Globally, the results of US democracy and development support have been mixed, as have those of our counter-terrorism efforts since 9/11. I worked on US assistance programs in post-transition/revolution countries such as Ukraine, Georgia, and Afghanistan and saw how those respective governments could not meet the public’s expectations of better governance, delivery of services, less corruption, and economic gain. The new governments ultimately failed, or are failing, to maintain support and legitimacy in the eyes of their citizens. Likewise, in post-revolution Egypt people admitted to me that they lacked faith in their country’s political transition and were skeptical of US long-term interests. As Yemen finds itself at a critical transitional period, these examples and warnings should serve as lessons for the U.S.

With former President Abdullah Saleh’s removal from office after 33 years, many Yemenis still hold a grudge at the failure of the US, during the massive protests last year, to promptly distance itself from Saleh. Although the US now fully supports the transitional process and government, the public’s trust in the US has weakened.  To counter this trend, the U.S. must provide more support to Yemen’s long-term political and economic development, while simultaneously routing out AQAP.  

Moving forward, there are clear issues that can be addressed. The youth are yearning for leadership, capacity development, and greater involvement in the political process. Every sector in Yemen’s political, military, civic, and economic sphere is desperate for technical assistance and effective, sustainable support. Some good work has been done, but more assistance is needed.   

Indeed, the US is trying to address such concerns. The Congressional Budget Justification for FY 2013 allocates additional funds to Yemen and calls for supporting the transitional process, empowering youth and women, developing civil society, improving governance, and addressing the root causes of instability.  (In 2011, USAID and the State Department allocated $3.8 million for democracy, human rights, and governance assistance and $8.3 million for economic development.  For 2013, these figures are slated to rise to $13.5 million and $14.5 million, respectively.)  Overall, the Obama administration has allocated more development assistance than the previous administration. This is a start, but despite the increase in spending for development assistance, this approach — or perceived approach — vis-à-vis a significant increase in counter-terrorism programs remains woefully unbalanced and will not alleviate the belief that US actions and rhetoric on counter-terrorism damage the local trust and potential benefit of assistance programs.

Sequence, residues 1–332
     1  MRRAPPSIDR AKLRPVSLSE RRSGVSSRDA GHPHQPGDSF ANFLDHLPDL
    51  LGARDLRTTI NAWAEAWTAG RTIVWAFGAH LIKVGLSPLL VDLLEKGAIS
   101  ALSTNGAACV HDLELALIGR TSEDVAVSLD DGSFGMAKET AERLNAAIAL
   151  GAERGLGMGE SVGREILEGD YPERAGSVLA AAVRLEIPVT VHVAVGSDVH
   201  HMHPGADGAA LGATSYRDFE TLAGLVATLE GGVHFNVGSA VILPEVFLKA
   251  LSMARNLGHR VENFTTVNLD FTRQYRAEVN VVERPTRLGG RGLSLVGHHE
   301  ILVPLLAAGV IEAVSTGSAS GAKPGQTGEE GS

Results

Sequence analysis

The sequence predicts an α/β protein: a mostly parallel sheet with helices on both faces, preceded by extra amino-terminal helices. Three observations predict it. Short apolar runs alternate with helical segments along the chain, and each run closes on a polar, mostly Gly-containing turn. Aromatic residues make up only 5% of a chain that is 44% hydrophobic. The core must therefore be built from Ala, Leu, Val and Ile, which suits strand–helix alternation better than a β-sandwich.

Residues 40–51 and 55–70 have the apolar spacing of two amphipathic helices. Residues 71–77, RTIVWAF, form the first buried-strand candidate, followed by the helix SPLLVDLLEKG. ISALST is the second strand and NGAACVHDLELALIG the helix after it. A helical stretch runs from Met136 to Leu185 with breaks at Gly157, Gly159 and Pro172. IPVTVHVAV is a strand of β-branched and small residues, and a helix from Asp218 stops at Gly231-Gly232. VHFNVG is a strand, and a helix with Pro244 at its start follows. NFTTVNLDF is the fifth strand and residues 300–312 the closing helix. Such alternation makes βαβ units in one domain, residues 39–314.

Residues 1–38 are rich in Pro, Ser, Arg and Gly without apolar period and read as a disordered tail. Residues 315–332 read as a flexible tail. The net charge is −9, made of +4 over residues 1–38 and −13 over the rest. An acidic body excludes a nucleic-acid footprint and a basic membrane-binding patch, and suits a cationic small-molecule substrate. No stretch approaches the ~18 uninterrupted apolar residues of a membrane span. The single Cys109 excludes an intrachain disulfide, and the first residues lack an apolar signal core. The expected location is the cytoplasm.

When viewed in isolation, eliminating Yemen’s terrorism threat is significantly more important to US national security interests than strengthening Yemen’s institutions and economy. But in Yemen, these issues are inextricably linked. The US must continue trying to eliminate the threat of terrorism, but only within the context of understanding and addressing the sources of instability and root causes of conflict and discontent. Some Yemeni citizens are joining AQAP because they lack hope in the current system and are increasingly furious over US drone strikes.

Without a proper balance between a strong counter-terrorism campaign and support to the areas that need help the most — namely the energized but disgruntled youth, the transitional government, the creation of a stronger and decentralized economy, and the national dialog process — the US will encounter a greater threat brewing in Yemen. 

Timothy Fairbank is co-founder and managing director of Development Transformations, an organization specializing in stabilization and development in countries in transition. 

Read More: http://www.al-monitor.com/pulse/originals/2012/al-monitor/rethinking-us-strategy-in-yemen.html